SW Application Development with the Sesame Framework - PowerPoint PPT Presentation

Loading...

PPT – SW Application Development with the Sesame Framework PowerPoint presentation | free to download - id: 23756-ODU4Z



Loading


The Adobe Flash plugin is needed to view this content

Get the plugin now

View by Category
About This Presentation
Title:

SW Application Development with the Sesame Framework

Description:

Schedule for the afternoon. 14:00 14:10 Introduction. RDF and ... 'Johnny' 'Depp' '5'^^xsd:int. um:ActorRating. rdf:type. rdf:type. rdf:value. foaf:firstName ... – PowerPoint PPT presentation

Number of Views:564
Avg rating:3.0/5.0
Slides: 63
Provided by: jeenbro
Learn more at: http://www.openrdf.org
Category:

less

Write a Comment
User Comments (0)
Transcript and Presenter's Notes

Title: SW Application Development with the Sesame Framework


1
SW Application Developmentwith the Sesame
Framework
  • Jeen BroekstraAduna

Atanas Kiryakov OntoText
James Leigh Workbrain
2
Schedule for the afternoon
  • 1400 1410 Introduction
  • RDF and RDF Schema
  • The Sesame project history, contributors, future
  • A running example for the rest of the afternoon
  • 1410 1445 The Sesame Framework
  • overview of architecture and features
  • how to use Sesame to build apps
  • 1445 1500 Querying RDF with SeRQL / SPARQL
  • 1500 1530 Using Context for Provenance and
    Time tracking
  • 1530 1550 Coffee break
  • 1550 1635 Elmo
  • 1635 1715 OWLIM
  • 1715 1730 Discussion / wrapup

3
Tutorial Materials online
  • Locationhttp//openrdf.org/conferences/eswc2006/
  • Links to Sesame 2 user, system, api documentation
  • Query Language documentation
  • Supportive material for this tutorial
  • example queries and an example Sesame server
  • a CVS repository containing some simple,
    runnable, code examples
  • example Elmo applications

4
Introduction
5
RDF in one slide
  • Data model for expressing knowledge
  • basic building block statement
  • Jeen .
  • groups of statements form graphs

name
Jeen
person001
email
j.broekstra_at_tue.nl
worksIn
projectMemberEmail
project001
Sesame
name
6
RDF Schema in one more slide
  • RDF Schema is a Vocabulary Description Language
  • it allows specification of domain vocabulary and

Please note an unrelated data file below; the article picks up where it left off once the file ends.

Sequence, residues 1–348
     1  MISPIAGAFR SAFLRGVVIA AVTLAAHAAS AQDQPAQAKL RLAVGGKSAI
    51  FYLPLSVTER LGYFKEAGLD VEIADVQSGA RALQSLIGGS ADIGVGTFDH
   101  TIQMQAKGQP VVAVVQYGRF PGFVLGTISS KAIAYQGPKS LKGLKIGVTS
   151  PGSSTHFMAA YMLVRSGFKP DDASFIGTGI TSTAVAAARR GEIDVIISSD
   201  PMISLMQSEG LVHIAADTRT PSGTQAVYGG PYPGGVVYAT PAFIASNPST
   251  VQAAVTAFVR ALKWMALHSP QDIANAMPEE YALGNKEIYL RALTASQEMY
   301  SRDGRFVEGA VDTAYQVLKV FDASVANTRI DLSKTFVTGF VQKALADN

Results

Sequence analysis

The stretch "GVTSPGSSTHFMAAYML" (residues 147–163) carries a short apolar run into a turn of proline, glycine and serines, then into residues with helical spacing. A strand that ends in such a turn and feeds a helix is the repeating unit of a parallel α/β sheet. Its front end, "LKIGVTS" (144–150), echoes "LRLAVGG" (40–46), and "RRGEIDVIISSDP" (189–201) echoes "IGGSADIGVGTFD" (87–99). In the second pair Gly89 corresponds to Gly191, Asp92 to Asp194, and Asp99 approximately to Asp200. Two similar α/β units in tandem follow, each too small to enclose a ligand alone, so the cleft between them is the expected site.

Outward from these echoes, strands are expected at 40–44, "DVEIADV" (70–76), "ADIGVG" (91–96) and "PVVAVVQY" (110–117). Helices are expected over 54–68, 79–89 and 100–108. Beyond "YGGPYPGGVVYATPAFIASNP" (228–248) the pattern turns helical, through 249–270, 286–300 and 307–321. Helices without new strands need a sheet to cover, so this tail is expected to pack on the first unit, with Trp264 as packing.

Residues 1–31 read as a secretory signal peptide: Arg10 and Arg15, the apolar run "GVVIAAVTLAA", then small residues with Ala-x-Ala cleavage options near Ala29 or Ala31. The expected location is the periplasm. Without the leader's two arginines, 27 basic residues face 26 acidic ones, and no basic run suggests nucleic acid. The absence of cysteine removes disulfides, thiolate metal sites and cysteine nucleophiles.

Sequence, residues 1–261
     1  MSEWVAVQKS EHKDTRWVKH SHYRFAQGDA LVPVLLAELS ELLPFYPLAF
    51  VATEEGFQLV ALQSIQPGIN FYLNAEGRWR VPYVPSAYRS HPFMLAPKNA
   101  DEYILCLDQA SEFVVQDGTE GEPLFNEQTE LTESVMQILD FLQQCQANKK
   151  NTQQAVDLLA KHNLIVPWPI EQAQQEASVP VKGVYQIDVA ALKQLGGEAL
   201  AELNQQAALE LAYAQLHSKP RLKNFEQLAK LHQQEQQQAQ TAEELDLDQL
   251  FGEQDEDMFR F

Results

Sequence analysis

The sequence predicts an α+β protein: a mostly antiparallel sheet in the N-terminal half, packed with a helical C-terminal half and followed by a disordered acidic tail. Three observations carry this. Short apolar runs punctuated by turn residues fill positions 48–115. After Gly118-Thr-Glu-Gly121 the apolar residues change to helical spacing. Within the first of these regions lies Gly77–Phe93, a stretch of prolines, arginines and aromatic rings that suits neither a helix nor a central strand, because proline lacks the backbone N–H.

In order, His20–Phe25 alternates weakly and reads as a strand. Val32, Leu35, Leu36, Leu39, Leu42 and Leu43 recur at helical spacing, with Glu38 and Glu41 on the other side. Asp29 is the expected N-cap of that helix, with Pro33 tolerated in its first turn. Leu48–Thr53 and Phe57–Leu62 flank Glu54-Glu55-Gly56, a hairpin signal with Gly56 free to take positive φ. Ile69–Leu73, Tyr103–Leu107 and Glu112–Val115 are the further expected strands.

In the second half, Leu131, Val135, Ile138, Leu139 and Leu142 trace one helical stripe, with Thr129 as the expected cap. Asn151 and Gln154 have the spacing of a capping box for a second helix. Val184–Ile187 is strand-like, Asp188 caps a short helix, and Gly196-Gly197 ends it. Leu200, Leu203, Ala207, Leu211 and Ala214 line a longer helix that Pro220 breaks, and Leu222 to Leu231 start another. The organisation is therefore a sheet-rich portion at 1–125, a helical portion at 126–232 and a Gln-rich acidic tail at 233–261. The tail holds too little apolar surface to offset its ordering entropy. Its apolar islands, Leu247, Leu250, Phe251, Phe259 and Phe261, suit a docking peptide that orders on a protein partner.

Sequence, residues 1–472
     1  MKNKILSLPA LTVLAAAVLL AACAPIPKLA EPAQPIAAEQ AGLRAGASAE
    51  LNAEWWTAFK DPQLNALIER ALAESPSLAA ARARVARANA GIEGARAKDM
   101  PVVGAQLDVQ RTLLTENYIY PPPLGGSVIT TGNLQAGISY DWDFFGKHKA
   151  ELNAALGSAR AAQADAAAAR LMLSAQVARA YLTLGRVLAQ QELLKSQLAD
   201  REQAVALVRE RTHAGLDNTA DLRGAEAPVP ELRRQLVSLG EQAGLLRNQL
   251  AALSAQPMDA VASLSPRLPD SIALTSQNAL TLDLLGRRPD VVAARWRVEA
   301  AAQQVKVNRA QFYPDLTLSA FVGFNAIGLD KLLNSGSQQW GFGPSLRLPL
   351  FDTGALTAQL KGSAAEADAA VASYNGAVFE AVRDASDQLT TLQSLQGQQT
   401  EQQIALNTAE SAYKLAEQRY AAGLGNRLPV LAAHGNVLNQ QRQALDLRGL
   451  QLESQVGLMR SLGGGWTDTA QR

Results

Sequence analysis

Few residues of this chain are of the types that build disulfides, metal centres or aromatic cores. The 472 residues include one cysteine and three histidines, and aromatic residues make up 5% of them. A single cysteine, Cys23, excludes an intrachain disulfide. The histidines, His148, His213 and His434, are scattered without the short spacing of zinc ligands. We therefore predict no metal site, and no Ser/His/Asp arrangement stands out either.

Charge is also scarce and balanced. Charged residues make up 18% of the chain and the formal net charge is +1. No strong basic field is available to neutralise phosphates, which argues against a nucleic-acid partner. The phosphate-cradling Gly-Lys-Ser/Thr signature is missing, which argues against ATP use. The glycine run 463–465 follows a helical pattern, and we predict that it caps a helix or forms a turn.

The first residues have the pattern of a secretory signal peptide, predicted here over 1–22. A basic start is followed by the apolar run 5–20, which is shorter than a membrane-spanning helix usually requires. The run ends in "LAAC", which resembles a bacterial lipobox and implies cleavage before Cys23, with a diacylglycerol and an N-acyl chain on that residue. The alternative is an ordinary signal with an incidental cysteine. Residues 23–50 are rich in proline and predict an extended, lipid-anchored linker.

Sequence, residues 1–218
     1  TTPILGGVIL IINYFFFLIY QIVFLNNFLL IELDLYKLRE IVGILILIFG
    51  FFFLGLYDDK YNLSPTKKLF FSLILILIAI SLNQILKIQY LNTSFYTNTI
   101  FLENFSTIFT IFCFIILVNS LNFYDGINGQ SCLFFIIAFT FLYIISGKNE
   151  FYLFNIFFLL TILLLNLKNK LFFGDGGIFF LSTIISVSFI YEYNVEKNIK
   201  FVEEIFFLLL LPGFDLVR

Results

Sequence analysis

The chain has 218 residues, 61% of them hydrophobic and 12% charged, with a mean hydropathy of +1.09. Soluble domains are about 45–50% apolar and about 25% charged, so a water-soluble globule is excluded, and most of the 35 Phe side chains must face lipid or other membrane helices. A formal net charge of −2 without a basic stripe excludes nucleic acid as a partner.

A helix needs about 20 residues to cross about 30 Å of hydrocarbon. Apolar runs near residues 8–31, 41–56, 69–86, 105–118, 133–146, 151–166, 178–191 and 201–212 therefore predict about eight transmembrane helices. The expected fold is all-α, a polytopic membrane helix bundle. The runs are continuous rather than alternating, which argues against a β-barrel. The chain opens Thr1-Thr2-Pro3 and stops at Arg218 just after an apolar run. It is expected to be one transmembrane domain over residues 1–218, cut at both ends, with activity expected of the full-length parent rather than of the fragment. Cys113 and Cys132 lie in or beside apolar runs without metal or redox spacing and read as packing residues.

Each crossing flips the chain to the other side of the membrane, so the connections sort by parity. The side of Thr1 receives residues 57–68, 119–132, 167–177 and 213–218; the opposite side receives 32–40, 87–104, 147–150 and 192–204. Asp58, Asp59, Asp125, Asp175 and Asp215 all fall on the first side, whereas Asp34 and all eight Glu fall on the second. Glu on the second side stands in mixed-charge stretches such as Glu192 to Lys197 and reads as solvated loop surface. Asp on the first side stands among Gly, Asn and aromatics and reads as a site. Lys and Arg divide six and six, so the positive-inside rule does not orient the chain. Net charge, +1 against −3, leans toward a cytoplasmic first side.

a way to structure it
  • Class, Property, subClassOf, subPropertyOf,
    domain, range
  • Formal semantics add simple reasoning
    capabilities
  • class and property subsumption
  • domain and range inference

rdfsClass
rdftype
rdfProperty
Person
rdftype
rdfsdomain
rdfssubClassOf
Researcher
name
rdftype
person001
7
Turtle Syntax
  • _at_prefix rdf tax-ns .
  • _at_prefix rdfs a .
  • _at_prefix movie .
  • _at_prefix xsd .
  • _at_prefix foaf .
  • _at_prefix um .
  • a umUser
  • foaffirstName "Jeen"
  • foaffamilyName "Broekstra "
  • foafmbox om
  • rdfsseeAlso jeen.rdf .
  • umrating
  • a umActorRating
  • umonActor 4/
  • rdfvalue "6"xsdinteger
  • .

8
The Sesame Project
  • 1999 2001 EU IST On-To-Knowledge project
  • development of a research prototype RDF query
    engine for use in the project
  • Aduna developed a query engine (RQL) RDBMS
    backend
  • result Sesame 0.1
  • 2001 2003 Open Sesame
  • sponsored by the NLNet foundation
  • two-year open source development project
  • end-result Sesame 1.0
  • 2004-2006 Open Sesame 2
  • followup project
  • goal to increase adoptation of Sesame, and to
    further develop the framework
  • result Sesame 2.0
  • 2006 onwards
  • Aduna is committed to further developing Sesame
    as part of its product suite
  • Dedicated to open source
  • Open invitation for more participation in
    development wed like to have your contributions!

9
Tutorial example
  • A community system for Movie and Actor ratings
  • user model
  • user profile
  • ratings of actors and movies
  • movie ontology
  • movies with genres, descriptions, etc.
  • actors with foaf profiles

10
The Ontology (or Ontologies)
foafPerson
rdfssubClassOf
rdfssubClassOf
movieActor
umRating
umUser
rdfsrange
rdfssubClassOf
rdfsrange
rdfsdomain
rdfssubClassOf
umrating
umActorRating
umMovieRating
rdfsdomain
umonActor
rdfsdomain
umonMovie
11
User/Rating Model
movieActor
umActorRating
umUser
rdftype
rdftype
Johnny